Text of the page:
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Publication numberUS6823488 B1
Publication typeGrant
Application numberUS 09/366,963
Publication dateNov 23, 2004
Filing dateAug 4, 1999
Priority dateAug 27, 1998
Fee statusPaid
Publication number09366963, 366963, US 6823488 B1, US 6823488B1, US-B1-6823488, US6823488 B1, US6823488B1
InventorsChris Heegard, Matthew B. Shoemake
Original AssigneeTexas Instruments Incorporated
Export CitationBiBTeX, EndNote, RefMan
External Links: USPTO, USPTO Assignment, Espacenet
Packet binary convolutional codes
US 6823488 B1
Abstract
A 64-state binary convolutional code is disclosed for a high-speed physical layer (PHY) of a communication network. The proposed code provides improved performance in terms of signal to noise ratio (SNR) and multi-path rejection than previously known codes. The proposed system, which includes binary convolutional codes with scrambling in a packet-based system, is referred to herein as “packet binary convolutional coding” (PBCC). The substantial increase in performance that may be achieved by PBCC makes it an ideal solution for high performance forward error correction (FEC) in a high-speed PHY.
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Claims(15)
What is claimed is:
1. A method for convolutionally encoding digital data for transmission over a communication channel, comprising the step of:
processing said data using one of a 64-state, rate 1/2 binary convolutional code (BCC) based on octal generators 133, 175 or a 256-state, rate 2/3 BCC based on octal generators ( 21 02 12 10 25 12 )
 to provide binary convolutional coded codewords.
2. A method in accordance with claim 1 comprising the further step of:
scrambling said codewords prior to transmission over said communication channel.
3. A method in accordance with claim 2 wherein said codewords are encoded jointly onto in-phase (I) and quadrature (Q) channels.
4. A method in accordance with claim 2 the scrambling step comprising the further steps of:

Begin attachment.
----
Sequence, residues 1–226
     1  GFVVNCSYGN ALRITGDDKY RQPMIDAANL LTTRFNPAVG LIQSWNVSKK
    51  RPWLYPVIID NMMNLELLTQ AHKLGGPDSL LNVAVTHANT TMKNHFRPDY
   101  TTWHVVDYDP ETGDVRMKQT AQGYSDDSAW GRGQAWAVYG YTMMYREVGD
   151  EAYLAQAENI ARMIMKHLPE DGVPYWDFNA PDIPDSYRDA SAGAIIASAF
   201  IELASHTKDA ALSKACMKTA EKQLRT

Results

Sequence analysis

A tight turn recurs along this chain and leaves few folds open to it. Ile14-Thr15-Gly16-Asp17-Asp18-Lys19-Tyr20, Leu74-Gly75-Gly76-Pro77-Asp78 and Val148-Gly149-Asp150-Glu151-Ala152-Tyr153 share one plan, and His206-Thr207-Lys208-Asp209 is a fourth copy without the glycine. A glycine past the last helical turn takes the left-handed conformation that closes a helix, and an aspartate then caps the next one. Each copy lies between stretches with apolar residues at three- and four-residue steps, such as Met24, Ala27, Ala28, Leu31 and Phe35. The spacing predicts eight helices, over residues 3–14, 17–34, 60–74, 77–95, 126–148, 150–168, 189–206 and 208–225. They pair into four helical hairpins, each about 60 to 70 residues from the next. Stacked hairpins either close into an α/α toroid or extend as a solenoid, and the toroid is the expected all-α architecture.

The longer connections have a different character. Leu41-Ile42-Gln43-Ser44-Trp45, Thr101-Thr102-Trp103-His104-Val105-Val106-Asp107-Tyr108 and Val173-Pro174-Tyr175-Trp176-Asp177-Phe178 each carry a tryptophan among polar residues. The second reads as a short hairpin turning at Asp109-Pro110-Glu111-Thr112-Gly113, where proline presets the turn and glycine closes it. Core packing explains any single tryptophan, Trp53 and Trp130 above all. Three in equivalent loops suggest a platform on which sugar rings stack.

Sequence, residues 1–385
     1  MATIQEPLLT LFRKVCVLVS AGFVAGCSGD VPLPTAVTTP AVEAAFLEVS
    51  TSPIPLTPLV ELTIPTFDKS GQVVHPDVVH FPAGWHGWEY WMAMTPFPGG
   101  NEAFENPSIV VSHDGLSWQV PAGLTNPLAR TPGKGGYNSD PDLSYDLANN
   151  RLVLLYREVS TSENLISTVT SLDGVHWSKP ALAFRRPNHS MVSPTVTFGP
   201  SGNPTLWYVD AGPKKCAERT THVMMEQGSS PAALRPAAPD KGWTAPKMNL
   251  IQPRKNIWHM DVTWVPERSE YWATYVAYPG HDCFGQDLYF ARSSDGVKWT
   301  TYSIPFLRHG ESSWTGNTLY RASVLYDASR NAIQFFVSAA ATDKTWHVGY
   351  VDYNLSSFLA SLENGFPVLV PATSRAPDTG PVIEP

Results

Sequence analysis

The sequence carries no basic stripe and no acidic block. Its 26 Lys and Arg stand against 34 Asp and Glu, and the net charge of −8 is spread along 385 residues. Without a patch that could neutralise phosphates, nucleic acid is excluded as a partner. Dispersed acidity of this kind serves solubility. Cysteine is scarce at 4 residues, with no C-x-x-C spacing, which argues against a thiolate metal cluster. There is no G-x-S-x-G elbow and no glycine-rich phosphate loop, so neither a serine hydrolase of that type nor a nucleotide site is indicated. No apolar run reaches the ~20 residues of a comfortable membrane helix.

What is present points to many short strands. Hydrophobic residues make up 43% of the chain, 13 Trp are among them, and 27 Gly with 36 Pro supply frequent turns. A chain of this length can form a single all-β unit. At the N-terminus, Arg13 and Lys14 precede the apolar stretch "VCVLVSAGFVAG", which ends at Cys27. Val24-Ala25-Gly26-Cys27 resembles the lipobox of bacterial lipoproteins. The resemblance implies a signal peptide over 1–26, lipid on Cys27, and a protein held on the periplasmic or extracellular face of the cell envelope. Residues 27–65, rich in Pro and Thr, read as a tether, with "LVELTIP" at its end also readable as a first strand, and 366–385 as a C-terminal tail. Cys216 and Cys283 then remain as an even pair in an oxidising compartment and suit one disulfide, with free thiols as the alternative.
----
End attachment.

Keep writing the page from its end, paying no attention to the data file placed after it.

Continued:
mapping said codewords to a constellation according to a pseudo-random scramble sequence comprising bits having one of first and second binary values;
in the event a bit of the scramble sequence has said first binary value, maintaining said constellation in a current relationship with respect to constellation axes; and
in the event a bit of the scramble sequence has said second binary value, rotating said constellation.
5. A method in accordance with claim 4 wherein said scramble sequence is generated from a seed sequence 0011001110001011, where the first bit of the sequence in time is the left most bit.
6. A method in accordance with claim 4, wherein said constellation is rotated counterclockwise in the event said bit of the scramble sequence has said second binary value.
7. A method in accordance with claim 6, wherein said counterclockwise rotation comprises a ninety degree rotation.
8. Apparatus for encoding data for use in digital communications systems comprising:
a binary convolutional encoder for processing said data using one of a 64-state, rate 1/2 binary convolutional code (BCC) based on octal generators 133, 175 or a 256-state, rate 2/3 BCC based on octal generators ( 21 02 12 10 25 12 )
 to provide binary convolutional coded codewords.
9. Apparatus in accordance with claim 8, further comprising a scrambler coupled to the output of said encoder, wherein said scrambler is responsive to a scramble pattern generator.
10. Apparatus in accordance with claim 8 wherein said codewords are encoded jointly onto in-phase (I) and quadrature (Q) channels.
11. Apparatus in accordance with claim 8 wherein:
said codewords are mapped to a constellation according to a pseudo-random scramble sequence comprising bits having one of first and second binary values;
in the event a bit of the scramble sequence has said first binary value, maintaining said constellation in a current relationship with respect to constellation axes; and
in the event a bit of the scramble sequence has said second binary value, rotating said constellation.
12. Apparatus in accordance with claim 11, wherein said constellation is rotated counterclockwise in the event said bit of the scramble sequence has said second binary value.
13. Apparatus in accordance with claim 12, wherein said counterclockwise rotation comprises a ninety degree rotation.
14. Apparatus in accordance with claim 8 further comprising a scrambler for scrambling codewords provided by said encoder prior to transmission over a communications channel.
15. A method for convolutionally encoding digital data for transmission over a communicator channel, comprising the steps of:
encoding data to be communicated over a communication channel using a binary convolutional code to provide codewords; and
mapping said codewords to a constellation according to a pseudo-random scramble sequence comprising bits having of first and second binary values;
in the event a bit of the scramble sequence has said first binary value, maintaining said constellation in a current relationship with respect to constellation axes; and
in the event a bit of the scramble sequence has said second binary value, rotating said constellation.
Description

This application claims the benefit of U.S. provisional application No. 60/098,089 filed on Aug. 27, 1998.

FIELD OF THE INVENTION

The present invention relates to convolutional coding for data communications, and more particularly to a convolutional code that is scrambled by a pseudo-random (PN) sequence to rotate selected, transmitted symbols by 90 degrees.